Because consumers are increasingly conscious of the relationship between diet and health, the consumption of marine-based foods has been growing continuously. Consumers identify seafood as nutritious, complete foods that are an excellent source of high-quality proteins and valuable lipids with high amounts of polyunsaturated fatty acids (PUFAs). These compounds are well known to enhance human health, namely by reducing the risk of cardiovascular disease, coronary disease, and hypertension. Additionally, marine-based food products are easily digested and constitute an excellent source of essential minerals. To further strengthen its healthy connotation, seafood has recently been recognized as a functional food and a source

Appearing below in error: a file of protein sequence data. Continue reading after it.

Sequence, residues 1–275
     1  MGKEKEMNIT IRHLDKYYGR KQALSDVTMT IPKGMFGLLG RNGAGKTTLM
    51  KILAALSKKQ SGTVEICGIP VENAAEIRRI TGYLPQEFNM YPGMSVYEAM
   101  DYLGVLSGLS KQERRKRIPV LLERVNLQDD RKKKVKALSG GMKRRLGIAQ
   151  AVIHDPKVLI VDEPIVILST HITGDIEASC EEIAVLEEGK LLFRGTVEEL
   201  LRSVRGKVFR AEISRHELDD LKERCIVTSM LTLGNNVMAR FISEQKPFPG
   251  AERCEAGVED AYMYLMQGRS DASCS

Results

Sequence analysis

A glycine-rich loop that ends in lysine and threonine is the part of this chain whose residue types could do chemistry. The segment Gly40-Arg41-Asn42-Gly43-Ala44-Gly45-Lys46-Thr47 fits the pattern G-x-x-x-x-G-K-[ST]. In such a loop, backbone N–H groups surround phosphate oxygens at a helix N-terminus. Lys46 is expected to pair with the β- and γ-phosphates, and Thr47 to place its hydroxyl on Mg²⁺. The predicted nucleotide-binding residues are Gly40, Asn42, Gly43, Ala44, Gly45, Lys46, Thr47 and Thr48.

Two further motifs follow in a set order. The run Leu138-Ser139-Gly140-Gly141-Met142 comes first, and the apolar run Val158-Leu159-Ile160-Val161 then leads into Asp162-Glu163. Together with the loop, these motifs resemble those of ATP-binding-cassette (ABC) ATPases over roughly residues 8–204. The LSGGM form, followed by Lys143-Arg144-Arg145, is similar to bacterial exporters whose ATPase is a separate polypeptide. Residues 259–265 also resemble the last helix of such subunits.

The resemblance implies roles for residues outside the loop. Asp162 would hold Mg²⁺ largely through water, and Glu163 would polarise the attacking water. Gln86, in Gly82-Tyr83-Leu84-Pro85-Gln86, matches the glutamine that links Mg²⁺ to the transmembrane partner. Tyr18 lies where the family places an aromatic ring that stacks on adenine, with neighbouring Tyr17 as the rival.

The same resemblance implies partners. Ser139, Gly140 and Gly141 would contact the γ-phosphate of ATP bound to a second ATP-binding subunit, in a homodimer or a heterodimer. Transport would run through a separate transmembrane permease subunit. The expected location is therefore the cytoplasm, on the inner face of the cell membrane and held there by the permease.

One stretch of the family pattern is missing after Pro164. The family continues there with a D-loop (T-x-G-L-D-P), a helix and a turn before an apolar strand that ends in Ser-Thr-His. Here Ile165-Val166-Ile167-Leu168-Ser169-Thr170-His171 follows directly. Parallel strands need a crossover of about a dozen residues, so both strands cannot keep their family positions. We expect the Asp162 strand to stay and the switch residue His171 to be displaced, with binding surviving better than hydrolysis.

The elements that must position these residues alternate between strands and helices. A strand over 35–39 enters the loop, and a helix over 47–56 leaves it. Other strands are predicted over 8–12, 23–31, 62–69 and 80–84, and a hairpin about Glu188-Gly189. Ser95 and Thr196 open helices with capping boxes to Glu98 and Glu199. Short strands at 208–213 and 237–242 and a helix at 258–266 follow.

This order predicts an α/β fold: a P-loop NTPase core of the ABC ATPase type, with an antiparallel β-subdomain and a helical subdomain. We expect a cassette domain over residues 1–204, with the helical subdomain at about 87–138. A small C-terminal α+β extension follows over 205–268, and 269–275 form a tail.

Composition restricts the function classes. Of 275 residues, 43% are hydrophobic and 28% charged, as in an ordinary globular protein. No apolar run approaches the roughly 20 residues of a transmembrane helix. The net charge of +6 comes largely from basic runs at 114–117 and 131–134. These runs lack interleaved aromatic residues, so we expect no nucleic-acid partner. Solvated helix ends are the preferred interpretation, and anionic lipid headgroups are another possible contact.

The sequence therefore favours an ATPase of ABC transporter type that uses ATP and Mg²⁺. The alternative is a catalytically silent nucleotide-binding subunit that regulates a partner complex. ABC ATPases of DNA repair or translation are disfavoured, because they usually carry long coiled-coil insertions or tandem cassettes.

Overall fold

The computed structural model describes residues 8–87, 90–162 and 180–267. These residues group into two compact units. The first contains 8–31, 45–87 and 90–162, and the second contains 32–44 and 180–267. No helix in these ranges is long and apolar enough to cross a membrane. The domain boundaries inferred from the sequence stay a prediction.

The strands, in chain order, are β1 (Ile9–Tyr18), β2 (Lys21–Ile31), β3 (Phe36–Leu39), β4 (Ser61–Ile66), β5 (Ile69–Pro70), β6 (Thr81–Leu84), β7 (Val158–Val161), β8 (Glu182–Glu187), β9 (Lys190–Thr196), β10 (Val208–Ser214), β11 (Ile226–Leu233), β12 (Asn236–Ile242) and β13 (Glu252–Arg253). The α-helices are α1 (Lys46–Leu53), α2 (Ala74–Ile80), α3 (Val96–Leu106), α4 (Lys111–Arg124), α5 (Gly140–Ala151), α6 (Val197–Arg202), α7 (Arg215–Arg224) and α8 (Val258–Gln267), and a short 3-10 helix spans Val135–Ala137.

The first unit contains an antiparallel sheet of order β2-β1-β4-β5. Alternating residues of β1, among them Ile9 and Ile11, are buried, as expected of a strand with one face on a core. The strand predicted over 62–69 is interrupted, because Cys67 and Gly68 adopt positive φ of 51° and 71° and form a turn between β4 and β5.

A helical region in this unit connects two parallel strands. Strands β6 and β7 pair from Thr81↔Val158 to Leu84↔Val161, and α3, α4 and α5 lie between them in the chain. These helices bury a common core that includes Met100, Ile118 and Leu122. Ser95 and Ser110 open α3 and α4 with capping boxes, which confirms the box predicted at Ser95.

of nutraceuticals. Functional foods, fi rst identifi ed in Japan in 1980, are defi ned as foods demonstrating a benefi cial effect on one or more targeted functions of the human organism (Ross 2000). Marine-based functional foods, or nutraceuticals, include omega-3 fatty acids, chitin and chitosan, fi sh protein hydrolysates, algal constituents, carotenoids, antioxidants, fi sh bone, shark cartilage, and taurine (Kadam and Prabhasankar 2010).